Figures from the Central Bank show that month on month cash deposits were 11.4% higher in July at US$ 6.2 billion, with YTD figures of US$ 38.0 billion. Cash withdrawal figures for the month were at US$ 5.5 billion and YTD totlalled US$ 37.6 billion. Over the past seven months, money transfers by banks and clients totalled US$ 1.1 trillion and US$ 498.6 billion respectively – and for the month up 4.1% to US$ 168.9 billion and US$ 71.6 billion.
With the rupee sinking to a record low level of 70 to the US$, many Indian expatriates are cashing in although there is every chance that the fall in the currency will continue. The latest decline has been driven by the events in Turkey where the lire has fallen down the toilet – so far this year it has lost 35.6% in value, which includes a 15% slump since the beginning of the month.
Emirates NBD may be thankful for the Turkish currency crisis. In May, it agreed to buy the Turkey’s DenizBank from Russia’s Sberbank for 14.6 billion liras, worth US$ 3.2 billion. Now it could be in a position to renegotiate the deal, as the value of the lire has dropped from the time of the May acquisition, and could lead to at least a US$ 1 billion “saving” – even if this involves a 10% penalty for cancelling the original deal.
It was no surprise to read a Moody’s report which intimated that the country’s four largest banks – ADCB, Dubai Islamic, Emirates NBD and First Abu Dhabi – posted a combined 21% jump in Q2 profits to US$ 2.2 billion. The financial services firm also forecast much of the same for the next twelve months. The improvement was largely attributable to two factors – higher net interest income (up 10%) and lower provisions (down 27%). Banks continue to be the stand-out sector in the local economy – at the same time that many other entities continue to struggle often because of the lack of liquidity.
Arabtec has won a US$ 42 million Dubai Municipality sewerage and drainage contract in the Al Khawaneej area, due to be completed Q4 2019.
The verdict in the US$ 217 million bounced cheque criminal case against Abraaj founder, Arif Naqvi, is expected later in the month. Once the biggest regional private equity firm, with assets of US$ 14 billion under management, the company is undergoing a court-supervised restructuring in the Cayman Islands. The fall-out promises to be messy as there is a chance that the ex-chairman, who is currently out of the UAE, could face an international arrest warrant – whilst investors wait to see whether they will have their full investments returned.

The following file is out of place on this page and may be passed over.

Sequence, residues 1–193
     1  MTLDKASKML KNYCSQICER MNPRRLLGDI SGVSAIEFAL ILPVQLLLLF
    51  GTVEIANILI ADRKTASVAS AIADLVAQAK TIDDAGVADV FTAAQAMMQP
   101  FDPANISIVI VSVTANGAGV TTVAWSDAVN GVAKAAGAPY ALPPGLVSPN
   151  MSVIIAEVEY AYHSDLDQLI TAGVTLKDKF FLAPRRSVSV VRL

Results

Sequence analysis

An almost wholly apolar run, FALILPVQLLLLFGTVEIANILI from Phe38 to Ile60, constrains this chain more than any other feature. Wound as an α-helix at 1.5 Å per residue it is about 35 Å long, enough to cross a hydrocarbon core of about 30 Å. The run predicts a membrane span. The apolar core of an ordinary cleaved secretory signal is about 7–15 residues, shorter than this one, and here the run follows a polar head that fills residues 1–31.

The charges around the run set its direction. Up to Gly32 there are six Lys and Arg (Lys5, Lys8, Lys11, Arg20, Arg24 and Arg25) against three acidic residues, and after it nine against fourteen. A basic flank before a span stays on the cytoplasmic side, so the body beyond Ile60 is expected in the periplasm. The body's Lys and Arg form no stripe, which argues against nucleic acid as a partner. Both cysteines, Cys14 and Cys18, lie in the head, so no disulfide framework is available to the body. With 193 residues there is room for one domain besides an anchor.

Dubai Aerospace Enterprise posted H1 profit figures over five times greater than in the same period in 2017. Profit before tax came in at US$ 224 million (2017 – US$ 43 million), as revenue more than tripled from US$ 229 million to US$ 711 million. The main driver was the acquisition of AWAS which saw the fleet increase to 375 owned, managed and committed aircraft and total asset value jumping to US$ 15.5 billion.
This week saw the reporting season in full swing, with a mixed bag of results for companies listed on the Dubai bourse
Marka’s Q2 net loss was US$ 3 million, a major improvement on the US$ 34 million deficit in Q2 2017, as cost of sales was 40% lower at US$ 2.9 million, with expenses 75% down at US$ 3.0 million; interest on loans of US$ 37 million was US$ 2.2 million. Revenue declined by 22% to US$ 5.4 million. The company auditors noted that the group’s current liabilities exceeded its current assets by US$ 8.7 million and that certain loans were outstanding.
Although its shares have been suspended from trading until next month, when its restructuring plan will be discussed at a general meeting, the five-year old Marka reported its second consecutive quarterly gross profit of US$ 762k, compared to a US$ 13 million loss over the same period in 2017. The country’s first publicly traded retail operator may well have turned the corner under its CEO Benoit Lamonerie, appointed last year, who has finally pushed Marka into a profitable business.
Drake & Scull has attributed both the performance of its subsidiaries in secondary markets in Qatar, Oman and Jordan, as well as project debt defaults, for a Q2 loss of US$ 50 million. The company is continuing work on a restructuring plan and also announced the appointment of a new CEO, Yousef Al Mulla, who will replace Dr Fadi Feghali, who had been in that position since March.
As its H1 revenue jumped 45.9% to US$ 3.1 billion, Emaar Properties posted an 18.0% increase in profit to US$ 911 million, driven by strong growth in its development and malls businesses; the profit figure did include a one-off US$ 99 million income item arising from the IPO of Emaar Development. The profits were also bolstered by property sales of US$ 1.7 billion by Emaar Developments.